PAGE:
Computation and control
We have therefore come to the conclusion that calculations can be made using only two symbols corresponding to zero and one. We have a numbering base (base two) that can be used to make the most complex calculations with the same accuracy as the decimal ones. But besides the actual calculation, a computer system must be able to make decisions, that is to say, to evaluate an expression and decide its value of truth, a general type of operation 'if' else . The simplest example of a function that can not be calculated without making a decision is the function function (in fact, any function with branches). This is of the form:
if (operand <0) then (result=-operand) else (result=operand);
The expression (operand <0) is what is called a logical expression. Logical phrases in Boolean algebra can only take two values: true or false. These values can be denoted by the same symbols that we use for numerical values in the second base, ie 0 for false value and 1 for truth value true .
How numeric operators can be applied to numerical operators (addition, subtraction, multiplication) and logical values can be applied to logical operators (AND, OR, NOT, OR EXCLUSIVELY). These are explained in detail on the Wikipedia page of the boolean algebra.
The conclusion is that using the same two symbols, we can do calculations using binary algebra, but we can exercise control over a function using boolean algebra. As the symbols overlap for computation and control, the associated operators may have the same form, and then the distinction is made only by their interpretation. For example, the result table for multiplying two two-digit numbers (numerical operation) looks like this:
|A||B||A * B|
At the same time, the logical AND operation which returns 1 if and only if both operands are 1 (I go to film IF it does not rain AND I have money), has the following table of truth:
|A||B||A AND B|
It is noted that the two functions are identical. In this way, the distinction between logical value and numerical value (logical operator and numeric operator) is the interpretation of the input values (if these are logical or numerical values) and the implementation of the operators is identical (therefore the associated circuit is identical).
In digital electronics, as a matter of fact in the whole branch of digital circuitry (ie computers) technology as well as in the information terrain, an element that can take a binary value associated with a binary symbol is called [http: //en.wikipedia. org /wiki /Bit bit]. The basis of digital circuits, however complex, is given by the sub-circuits that compute the single and binary operations (i.e., which have one or two operands) between two bits. Such a sub-circuit is called gate (en: gate). The same gateway can be considered the implementation of a one-bit numeric operator, but also the implementation of a logical operator.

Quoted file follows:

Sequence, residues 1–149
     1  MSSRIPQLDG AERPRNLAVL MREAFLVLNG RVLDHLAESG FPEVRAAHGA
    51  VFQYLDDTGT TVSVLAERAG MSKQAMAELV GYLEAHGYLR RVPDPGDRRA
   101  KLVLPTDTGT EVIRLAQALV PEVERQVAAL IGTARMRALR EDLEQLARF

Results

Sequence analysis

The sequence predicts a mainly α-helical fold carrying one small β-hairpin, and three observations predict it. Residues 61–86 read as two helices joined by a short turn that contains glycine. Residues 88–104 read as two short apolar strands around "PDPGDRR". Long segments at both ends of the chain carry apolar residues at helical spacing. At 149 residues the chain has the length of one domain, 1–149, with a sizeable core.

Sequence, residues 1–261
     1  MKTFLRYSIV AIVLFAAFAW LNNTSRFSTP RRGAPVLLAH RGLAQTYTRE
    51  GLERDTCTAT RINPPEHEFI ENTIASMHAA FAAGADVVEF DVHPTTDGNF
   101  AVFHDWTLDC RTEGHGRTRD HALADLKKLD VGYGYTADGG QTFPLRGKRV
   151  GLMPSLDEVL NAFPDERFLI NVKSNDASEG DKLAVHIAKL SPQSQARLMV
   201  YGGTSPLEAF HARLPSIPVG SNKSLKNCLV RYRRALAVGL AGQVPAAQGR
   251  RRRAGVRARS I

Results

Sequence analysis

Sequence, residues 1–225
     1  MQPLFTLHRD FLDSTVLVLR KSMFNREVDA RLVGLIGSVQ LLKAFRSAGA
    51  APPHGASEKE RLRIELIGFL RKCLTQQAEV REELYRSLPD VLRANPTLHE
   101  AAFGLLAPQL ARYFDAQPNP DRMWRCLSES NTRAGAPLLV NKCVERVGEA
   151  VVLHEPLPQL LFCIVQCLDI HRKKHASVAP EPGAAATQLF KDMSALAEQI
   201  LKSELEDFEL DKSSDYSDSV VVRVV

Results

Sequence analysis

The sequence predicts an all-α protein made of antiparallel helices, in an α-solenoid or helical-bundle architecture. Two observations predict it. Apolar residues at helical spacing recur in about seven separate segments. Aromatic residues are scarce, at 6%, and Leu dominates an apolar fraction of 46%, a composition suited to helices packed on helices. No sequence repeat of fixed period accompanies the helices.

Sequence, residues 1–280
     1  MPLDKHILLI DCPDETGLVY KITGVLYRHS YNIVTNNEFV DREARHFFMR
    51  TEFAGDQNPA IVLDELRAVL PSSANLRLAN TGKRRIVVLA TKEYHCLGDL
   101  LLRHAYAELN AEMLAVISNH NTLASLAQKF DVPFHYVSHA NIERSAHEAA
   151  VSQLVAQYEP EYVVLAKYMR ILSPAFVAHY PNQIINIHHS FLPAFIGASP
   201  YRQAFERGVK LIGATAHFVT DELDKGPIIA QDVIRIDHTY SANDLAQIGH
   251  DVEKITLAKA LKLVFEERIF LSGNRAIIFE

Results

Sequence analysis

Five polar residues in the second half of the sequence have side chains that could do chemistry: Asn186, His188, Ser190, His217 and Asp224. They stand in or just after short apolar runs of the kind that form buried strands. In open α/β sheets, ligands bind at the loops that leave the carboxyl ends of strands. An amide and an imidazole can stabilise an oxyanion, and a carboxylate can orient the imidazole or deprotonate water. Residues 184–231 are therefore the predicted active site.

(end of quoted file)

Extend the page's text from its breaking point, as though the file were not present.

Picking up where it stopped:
The way to encode the values associated with binary symbols in digital electronics is through a potential difference between two points. In the current technology used (CMOS), a voltage between 0 and Vdd /2 is associated with the binary value of 0 and a voltage between Vdd /2 and Vdd of the binary value of 1 . 
The simplest gate is the one that implements the denial logic operation (it has a single input and a single output that is always different from the input, ie for input 0, output is 1 and for input 1, the output is 0). This gate is called inverse, or bears NO (NOT: http://en.wikipedia.org/wiki/Inverter_(logic_gate) inverter, NOT gate).
Symbols and truth tables for the most-used gates:
As with the symbolic representation of the operational amplifiers, it is noticed that neither the logic gates were represented by the power ports (Vdd and Vss), visible on the CMOS inverter schema. They are implicitly connected to the power supply, respectively to the mains.
At present, a digital circuit can reach up to 1 billion gates. This implies that we need tools to automate the design process. This can be done using hardware description languages (Hardware Description Languages). These languages are specially designed to describe a digital circuit, either in terms of behavior or in terms of structure. Clearly, a behavioral description of a circuit will be more succinct, but will not provide information about the desired structure (gate-level), while a structural description will be more accurate in terms of circuit components, but more long and perhaps more difficult to understand.
There are two very popular hardware description languages: Verilog and VHDL. In the continuation of this Digital Integrated Circuits Lab, we will use the Verilog language for circuit descriptions. Its syntax is simple and is partly inherited from C. However, it is very important to note that Verilog is not a programming language. It does not "run" sequentially by a processor, it synthesizes in a circuit or simulates it. Therefore, Verilog users need to decipher to think sequentially as if each line of code is running after the previous one, and rather they have to imagine how the circuit that that code describes. Thus, the most interesting difference with a programming language is that the order of the code blocks in a module does not matter.
Before you start working with some simulation and synthesis software, go through the tutorial explaining the syntax Verilog